Protect Yourself against a Fall When Working at Height

 Protect Yourself against a Fall When Working at Height

Working in a construction zone comes with many potential hazards, one of them being falling from large heights. This is how you can ensure your own safety and protect yourself from falling when working at height.

Use Railing

Firstly, use railing whenever you have a chance to do so. This passive form of protection is the easiest and most common way for workers to ensure their safety at work. You don’t need any extra equipment or training in order to be able to “use” railings. As a matter of fact, there is not much you need to do to keep yourself safe other than to just stay within the rail.

There are numerous different railing systems depending on what style of the rooftop you are working on – parapet mounted railing, non-penetrating railing, metal roof railing, and many more. No matter which ones you are using, your safety will be ensured easily and efficiently and you don’t even have to do anything.

Select the Proper PPE

When working for construction companies, you will often use Personal Fall Arrest Systems or in other words PFAS. To make sure you are 100% safe, you need to pick proper equipment. Sometimes that will include investing in some high-quality full-body harnesses, but if it means saving your life it’s worth every penny. Not only are you investing in something that will keep you safe and secure, but will also help boost functionality and it will help you do your job much more efficiently.

Inspect Your PPE

After you pick your equipment, it’s time for you to inspect it. The protective measures you take don’t matter if they don’t work properly. Equipment such as lanyards and body harnesses must be regularly inspected (annually) and it needs to be done by someone competent. Other than that, you as well need to properly examine the equipment before you start using it. You need to make sure the straps are in place and that they are firm enough. This extra step can end up saving your life one day.

Ensure You Understand Fall Distance

Wearing the protective gear and equipment is the first step to ensuring your safety. However, that’s not where we stop. All of the protective equipment in this world could mean nothing if the equipment fails at engaging before you hit the ground. This may seem like it’s unnecessary to mention, but this is actually a very common mistake that can be prevented so easily. So, it’s definitely worth mentioning.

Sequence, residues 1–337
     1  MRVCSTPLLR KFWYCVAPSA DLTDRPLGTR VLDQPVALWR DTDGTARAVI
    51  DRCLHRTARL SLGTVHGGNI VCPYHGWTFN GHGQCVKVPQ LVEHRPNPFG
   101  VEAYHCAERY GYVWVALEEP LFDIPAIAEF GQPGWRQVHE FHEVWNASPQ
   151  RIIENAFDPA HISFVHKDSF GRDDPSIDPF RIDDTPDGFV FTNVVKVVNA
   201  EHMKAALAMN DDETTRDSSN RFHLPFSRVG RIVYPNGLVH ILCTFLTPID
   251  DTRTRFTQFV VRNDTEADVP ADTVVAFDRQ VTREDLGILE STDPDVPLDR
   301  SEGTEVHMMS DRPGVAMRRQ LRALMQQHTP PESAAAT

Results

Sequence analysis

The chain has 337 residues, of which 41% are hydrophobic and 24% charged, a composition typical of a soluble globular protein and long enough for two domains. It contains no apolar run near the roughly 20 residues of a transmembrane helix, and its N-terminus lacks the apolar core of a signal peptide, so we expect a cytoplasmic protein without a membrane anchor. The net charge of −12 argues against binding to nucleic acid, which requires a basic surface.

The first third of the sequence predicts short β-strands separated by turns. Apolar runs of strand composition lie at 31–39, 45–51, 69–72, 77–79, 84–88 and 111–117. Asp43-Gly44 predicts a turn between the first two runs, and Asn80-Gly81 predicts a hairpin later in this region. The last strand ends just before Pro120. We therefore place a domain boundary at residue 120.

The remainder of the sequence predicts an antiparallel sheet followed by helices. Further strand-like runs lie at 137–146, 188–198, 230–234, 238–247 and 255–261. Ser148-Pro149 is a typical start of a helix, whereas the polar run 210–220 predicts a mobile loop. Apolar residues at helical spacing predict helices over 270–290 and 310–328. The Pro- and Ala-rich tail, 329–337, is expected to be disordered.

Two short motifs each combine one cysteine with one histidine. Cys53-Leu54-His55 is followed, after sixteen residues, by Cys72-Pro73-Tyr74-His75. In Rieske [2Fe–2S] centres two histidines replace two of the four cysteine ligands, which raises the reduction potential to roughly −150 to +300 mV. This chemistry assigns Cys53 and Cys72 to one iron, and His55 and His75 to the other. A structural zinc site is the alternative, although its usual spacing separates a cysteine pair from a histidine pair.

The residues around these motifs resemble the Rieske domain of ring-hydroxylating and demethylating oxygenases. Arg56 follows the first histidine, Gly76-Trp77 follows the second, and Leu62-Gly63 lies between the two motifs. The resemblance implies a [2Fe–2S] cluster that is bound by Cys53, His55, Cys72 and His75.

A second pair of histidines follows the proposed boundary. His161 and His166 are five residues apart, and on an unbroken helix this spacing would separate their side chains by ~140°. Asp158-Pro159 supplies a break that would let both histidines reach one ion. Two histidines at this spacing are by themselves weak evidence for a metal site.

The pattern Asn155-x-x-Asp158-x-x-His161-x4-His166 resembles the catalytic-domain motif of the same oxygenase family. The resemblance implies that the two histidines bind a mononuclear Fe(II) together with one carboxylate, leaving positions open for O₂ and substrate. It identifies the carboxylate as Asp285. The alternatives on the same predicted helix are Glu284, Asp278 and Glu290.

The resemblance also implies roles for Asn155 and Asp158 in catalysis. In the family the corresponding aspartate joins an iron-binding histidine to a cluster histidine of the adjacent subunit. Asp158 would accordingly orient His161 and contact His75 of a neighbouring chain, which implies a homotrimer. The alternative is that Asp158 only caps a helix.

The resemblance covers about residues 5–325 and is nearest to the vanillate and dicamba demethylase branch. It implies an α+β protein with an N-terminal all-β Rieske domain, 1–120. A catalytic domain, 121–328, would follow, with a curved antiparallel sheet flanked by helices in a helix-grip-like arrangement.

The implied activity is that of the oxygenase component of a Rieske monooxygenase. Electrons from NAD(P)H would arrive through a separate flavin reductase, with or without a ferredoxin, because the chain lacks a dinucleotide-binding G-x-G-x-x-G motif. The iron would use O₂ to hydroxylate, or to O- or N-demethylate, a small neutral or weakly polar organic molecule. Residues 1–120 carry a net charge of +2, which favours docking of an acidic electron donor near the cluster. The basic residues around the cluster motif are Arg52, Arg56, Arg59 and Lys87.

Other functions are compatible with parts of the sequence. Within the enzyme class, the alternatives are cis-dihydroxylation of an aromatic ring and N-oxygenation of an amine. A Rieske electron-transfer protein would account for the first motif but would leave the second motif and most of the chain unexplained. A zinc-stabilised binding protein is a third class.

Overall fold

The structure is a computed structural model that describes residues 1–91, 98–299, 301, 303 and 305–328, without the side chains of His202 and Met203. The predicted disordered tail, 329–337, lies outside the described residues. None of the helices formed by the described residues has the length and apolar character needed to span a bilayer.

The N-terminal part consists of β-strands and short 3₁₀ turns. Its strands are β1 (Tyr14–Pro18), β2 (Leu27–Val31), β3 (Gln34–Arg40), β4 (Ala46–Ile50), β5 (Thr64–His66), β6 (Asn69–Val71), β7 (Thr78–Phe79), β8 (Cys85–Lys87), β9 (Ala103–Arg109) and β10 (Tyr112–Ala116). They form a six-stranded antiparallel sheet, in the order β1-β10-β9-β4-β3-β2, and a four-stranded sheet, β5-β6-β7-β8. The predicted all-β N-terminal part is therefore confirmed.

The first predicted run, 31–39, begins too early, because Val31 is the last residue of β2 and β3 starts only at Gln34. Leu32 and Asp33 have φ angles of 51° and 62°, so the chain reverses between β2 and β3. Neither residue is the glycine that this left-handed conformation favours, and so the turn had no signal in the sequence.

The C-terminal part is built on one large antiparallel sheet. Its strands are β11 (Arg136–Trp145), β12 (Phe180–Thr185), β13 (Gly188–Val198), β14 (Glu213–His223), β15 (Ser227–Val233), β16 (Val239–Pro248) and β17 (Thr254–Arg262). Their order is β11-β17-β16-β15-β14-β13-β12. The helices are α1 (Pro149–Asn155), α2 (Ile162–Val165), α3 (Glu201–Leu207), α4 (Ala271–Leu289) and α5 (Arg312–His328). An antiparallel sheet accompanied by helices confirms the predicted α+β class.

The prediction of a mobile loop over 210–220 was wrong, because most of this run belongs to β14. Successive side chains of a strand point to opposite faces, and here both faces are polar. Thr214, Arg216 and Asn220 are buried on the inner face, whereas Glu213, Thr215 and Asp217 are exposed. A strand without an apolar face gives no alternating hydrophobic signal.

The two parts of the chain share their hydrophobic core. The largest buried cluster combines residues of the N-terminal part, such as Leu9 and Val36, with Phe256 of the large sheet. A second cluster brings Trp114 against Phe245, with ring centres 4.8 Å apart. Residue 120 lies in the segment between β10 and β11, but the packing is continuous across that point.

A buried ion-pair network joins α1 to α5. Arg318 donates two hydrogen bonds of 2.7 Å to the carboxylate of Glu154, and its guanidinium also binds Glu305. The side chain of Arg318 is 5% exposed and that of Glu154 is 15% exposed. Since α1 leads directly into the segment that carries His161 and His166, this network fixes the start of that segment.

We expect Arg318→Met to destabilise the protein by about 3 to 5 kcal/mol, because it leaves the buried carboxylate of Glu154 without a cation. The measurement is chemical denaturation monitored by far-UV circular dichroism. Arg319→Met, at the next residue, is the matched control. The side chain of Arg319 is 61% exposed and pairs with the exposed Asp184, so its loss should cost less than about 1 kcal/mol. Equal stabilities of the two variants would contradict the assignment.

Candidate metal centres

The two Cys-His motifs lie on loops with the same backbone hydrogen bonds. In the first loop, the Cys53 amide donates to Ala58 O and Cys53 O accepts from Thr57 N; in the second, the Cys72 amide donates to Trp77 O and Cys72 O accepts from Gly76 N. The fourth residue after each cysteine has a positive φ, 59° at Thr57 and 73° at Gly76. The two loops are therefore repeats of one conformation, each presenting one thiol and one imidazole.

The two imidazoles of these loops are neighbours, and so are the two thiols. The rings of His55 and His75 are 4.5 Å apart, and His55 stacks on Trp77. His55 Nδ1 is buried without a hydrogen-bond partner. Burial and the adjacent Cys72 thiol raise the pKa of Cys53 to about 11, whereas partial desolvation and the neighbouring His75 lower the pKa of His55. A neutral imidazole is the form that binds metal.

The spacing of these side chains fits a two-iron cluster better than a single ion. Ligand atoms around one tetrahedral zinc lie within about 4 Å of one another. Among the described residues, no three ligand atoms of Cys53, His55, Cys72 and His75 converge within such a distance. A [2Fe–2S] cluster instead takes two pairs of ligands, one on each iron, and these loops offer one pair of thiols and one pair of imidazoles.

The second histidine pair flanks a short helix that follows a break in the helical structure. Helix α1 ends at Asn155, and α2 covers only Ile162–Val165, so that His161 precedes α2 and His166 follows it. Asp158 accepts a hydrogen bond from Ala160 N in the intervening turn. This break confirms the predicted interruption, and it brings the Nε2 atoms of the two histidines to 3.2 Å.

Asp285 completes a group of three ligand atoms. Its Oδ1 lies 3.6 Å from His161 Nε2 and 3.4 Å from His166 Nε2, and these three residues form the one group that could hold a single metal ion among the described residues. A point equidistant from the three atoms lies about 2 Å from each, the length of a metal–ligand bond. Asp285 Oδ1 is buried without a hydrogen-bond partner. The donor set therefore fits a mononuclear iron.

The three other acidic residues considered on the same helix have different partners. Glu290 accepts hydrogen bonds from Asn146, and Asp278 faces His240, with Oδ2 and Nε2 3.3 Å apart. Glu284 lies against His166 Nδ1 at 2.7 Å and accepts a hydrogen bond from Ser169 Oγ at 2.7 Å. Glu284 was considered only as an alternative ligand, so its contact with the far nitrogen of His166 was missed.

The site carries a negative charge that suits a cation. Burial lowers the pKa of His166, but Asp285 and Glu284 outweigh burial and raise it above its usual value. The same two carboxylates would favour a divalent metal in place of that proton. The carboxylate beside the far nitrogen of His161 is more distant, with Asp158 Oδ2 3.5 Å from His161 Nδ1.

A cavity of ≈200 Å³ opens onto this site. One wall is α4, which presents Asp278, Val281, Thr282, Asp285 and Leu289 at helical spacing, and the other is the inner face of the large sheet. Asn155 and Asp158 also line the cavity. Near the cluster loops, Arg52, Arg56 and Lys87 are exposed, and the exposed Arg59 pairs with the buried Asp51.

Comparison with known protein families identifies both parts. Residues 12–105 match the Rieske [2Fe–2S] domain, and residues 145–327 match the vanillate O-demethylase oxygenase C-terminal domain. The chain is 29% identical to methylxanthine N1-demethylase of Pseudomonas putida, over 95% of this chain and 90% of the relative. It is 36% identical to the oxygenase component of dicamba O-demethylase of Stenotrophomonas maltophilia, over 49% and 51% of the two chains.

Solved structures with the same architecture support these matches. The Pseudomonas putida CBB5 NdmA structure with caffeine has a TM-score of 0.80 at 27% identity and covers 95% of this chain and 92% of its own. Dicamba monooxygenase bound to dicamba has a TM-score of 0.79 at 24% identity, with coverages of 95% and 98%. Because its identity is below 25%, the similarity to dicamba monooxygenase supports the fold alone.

For instance, if the worker is placed 10 to 12’ off the ground and wearing a 6’ lanyard, what seems to be off in this scenario?

Well, first of all you need to add roughly 3.5’ of distance that your device needs for deployment. That already puts the lanyard at the length of 9.5’ drop. Unless you are 6 feet tall, this could end badly for you.

So, in your fall distance, you need to include the length of the lanyard, your body height and any potential sag that can happen in your anchor and harness system. Calculating this distance correctly can save your life.

Select an Acceptable Anchor Point

So, as you can see there are many factors that go into protection against the fall. The right harness and well-calculated fall distance, however, won’t do the job if you don’t select an acceptable anchor point.

What is it that constitutes acceptable anchor points? The anchor point is acceptable only if:

  • it’s both designed and approved by an expert engineer that has correctly calculated the expected loads
  • it can handle a load of 5,000 pounds

Know when and what type of Fall Protection is required

Lastly, now that you have the right equipment, anchor points and calculated fall distance, think about what type of fall protection is required by OSHA. The factors you need to take into consideration are location of work, duration, and frequency. For instance, these are the terms that you can use when determining these factors:

  • Infrequent: Work that you performed once a month or even less
  • Temporary: Simple, short-term tasks that take about 2 hours to complete

Location of Work: Lastly, you determine the location of work in proximity to the potential hazard.


In conclusion, there are several steps you need to take to ensure your safety at work, some of them being using the proper equipment, understanding the fall distance, and using the acceptable anchor points.

Danny White